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Volume 6 No. 193


The 2012 London Olympics "left a healthy sheen on Britain’s psyche," but it is "less clear whether British business benefited," according to Burgess & Robinson of the FINANCIAL TIMES. As much as £5.9B ($9.2B) came from business deals brokered during the Games at the British Business Embassy. However, companies themselves "reported more mixed results." There were "outright winners." Chime Communications’ sports marketing arm "won a lucrative contract" for the 2014 Sochi Olympics "on the back of work done for the London Games." There were "obvious losers, too." A year ago, security firm G4S "was tipped to benefit hugely, until it failed to supply the number of security staff for the Games that had been contracted." The "deluge of extra tourists in London failed to materialise." The number of visitors to Britain "actually declined during and after the Games," with a 4% drop in overseas visits in the three months to Sept. 3. InterContinental Hotels Group CEO Richard Solomon said that while the hotel sector in London "enjoyed a short-term boost," the government "failed to make the most of a potential boost to British tourism." Solomon: "[The short term boost] has not been supported by government actions in terms of supporting tourism and making it easy to come to the country" (FT, 8/19).

A "livid" Sports Authority of India on Monday decided to take the Athletics Federation of India to task for the embarrassment it caused to the country after 18 overaged athletes were barred from the Nanjing Asian Youth Games and said that "it would recover the money spent by it on the athletes' airfare," according to the PTI. Squarely blaming the AFI for the incident, SAI Dir-General Jiji Thomson said that the government had spent around Rs. 10 lakh ($15,840) "for the airfare of the disqualified athletes who are returning home from China." Only U17 athletes -- those born in Jan. '97 or later -- were eligible to take part in the Asian Youth Games, "but the AFI included 18 athletes, who were born in 1996 in the track and field team of 27." Thomson: "It's a huge embarrassment. We are terribly annoyed by the development." The AFI claimed that it had followed Int'l Association of Athletics Federation rules "according to which 1996-born players were eligible." But they "forgot that the Games were being held" as per the IOC rules (PTI, 8/19).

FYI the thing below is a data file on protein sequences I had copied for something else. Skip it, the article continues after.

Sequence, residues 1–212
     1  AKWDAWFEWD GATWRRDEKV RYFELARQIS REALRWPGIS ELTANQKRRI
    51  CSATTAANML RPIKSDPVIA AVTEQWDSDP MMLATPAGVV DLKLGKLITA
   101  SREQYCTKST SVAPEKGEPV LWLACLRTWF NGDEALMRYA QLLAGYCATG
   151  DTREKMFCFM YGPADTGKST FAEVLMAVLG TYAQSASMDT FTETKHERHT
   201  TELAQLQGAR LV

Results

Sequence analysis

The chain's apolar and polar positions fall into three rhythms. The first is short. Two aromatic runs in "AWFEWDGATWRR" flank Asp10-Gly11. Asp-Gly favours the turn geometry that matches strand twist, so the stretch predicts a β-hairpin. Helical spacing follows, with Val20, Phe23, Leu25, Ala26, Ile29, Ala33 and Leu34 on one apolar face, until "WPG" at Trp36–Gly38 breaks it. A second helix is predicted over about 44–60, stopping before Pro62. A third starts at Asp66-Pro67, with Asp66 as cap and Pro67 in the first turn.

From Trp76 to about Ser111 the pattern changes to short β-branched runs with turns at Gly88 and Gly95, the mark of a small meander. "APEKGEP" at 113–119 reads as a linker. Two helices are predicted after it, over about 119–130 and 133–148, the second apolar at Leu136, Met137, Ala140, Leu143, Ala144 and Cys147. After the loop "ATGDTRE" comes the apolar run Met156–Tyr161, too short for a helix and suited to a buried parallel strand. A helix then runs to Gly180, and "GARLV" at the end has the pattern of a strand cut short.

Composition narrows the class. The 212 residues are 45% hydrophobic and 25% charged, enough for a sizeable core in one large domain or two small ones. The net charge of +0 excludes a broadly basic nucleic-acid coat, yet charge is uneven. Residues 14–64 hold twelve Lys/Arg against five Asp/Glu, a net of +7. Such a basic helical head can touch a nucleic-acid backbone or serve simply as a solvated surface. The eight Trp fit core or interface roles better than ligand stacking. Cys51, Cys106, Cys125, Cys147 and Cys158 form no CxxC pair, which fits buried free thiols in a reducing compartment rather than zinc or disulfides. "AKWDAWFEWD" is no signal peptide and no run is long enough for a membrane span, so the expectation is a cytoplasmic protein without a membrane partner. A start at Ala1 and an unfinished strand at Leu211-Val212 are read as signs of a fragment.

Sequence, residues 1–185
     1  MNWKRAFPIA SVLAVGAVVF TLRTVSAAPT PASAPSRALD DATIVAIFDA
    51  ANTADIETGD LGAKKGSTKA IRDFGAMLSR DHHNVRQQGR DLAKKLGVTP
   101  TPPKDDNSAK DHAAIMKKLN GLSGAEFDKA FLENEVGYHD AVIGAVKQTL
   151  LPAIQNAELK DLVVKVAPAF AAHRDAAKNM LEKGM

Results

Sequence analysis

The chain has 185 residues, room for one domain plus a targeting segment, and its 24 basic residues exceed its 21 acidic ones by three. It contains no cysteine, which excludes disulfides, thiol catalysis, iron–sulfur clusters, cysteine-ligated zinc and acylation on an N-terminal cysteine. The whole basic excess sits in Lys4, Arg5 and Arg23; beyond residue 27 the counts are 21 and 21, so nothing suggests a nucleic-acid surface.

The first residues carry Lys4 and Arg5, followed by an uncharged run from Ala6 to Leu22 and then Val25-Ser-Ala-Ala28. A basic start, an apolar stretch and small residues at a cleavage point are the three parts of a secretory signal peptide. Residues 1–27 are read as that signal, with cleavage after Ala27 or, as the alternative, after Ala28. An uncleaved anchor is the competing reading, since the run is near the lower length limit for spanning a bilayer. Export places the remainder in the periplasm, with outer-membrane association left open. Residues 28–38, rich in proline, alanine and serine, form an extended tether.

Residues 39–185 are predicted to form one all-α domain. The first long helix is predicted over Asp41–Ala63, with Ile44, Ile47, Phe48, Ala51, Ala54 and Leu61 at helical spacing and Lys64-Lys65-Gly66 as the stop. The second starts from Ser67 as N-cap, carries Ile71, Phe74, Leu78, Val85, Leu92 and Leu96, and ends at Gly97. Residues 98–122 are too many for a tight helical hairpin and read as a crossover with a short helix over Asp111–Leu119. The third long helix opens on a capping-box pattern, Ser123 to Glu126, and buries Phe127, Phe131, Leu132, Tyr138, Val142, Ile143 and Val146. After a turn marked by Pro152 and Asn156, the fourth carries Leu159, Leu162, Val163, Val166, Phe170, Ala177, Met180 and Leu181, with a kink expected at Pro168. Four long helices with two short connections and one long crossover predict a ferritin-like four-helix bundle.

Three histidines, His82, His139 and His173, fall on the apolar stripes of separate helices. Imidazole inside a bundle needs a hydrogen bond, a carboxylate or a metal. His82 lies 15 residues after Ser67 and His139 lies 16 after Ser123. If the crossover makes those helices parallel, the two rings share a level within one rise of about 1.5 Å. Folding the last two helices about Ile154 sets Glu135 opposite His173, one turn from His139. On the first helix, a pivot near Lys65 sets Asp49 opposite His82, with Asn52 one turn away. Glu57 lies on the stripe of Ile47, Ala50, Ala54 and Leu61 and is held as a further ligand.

After "a week of general diaspora," the Madrid 2020 bid organization is "regrouping this week." Starting Tuesday, the members of the candidacy are "meeting at the Spanish Olympic Committee's (COE) headquarters in Madrid to prepare the final presentation," which will be given in Buenos Aires in September, with the host city scheduled to be announced on Sept. 7. This "will be the last time that the candidacy members meet in Spain" (AS, 8/19). ... The former Soviet republic of Kazakhstan "has lodged a bid to host the 2022 Winter Olympics in the city of Almaty." Kazakhstan national Olympic committee VP Pavel Novikov said that "an official letter was sent" to the IOC in Switzerland on Friday (AP, 8/19). ... Clean Sports India, a movement for corruption-free sports in the country, lashed out at Indian Olympic Association officials for objecting to the IOC's directive to bar charge-sheeted persons from contesting elections, saying that their "bankrupt arguments" have totally exposed them (PTI, 8/19).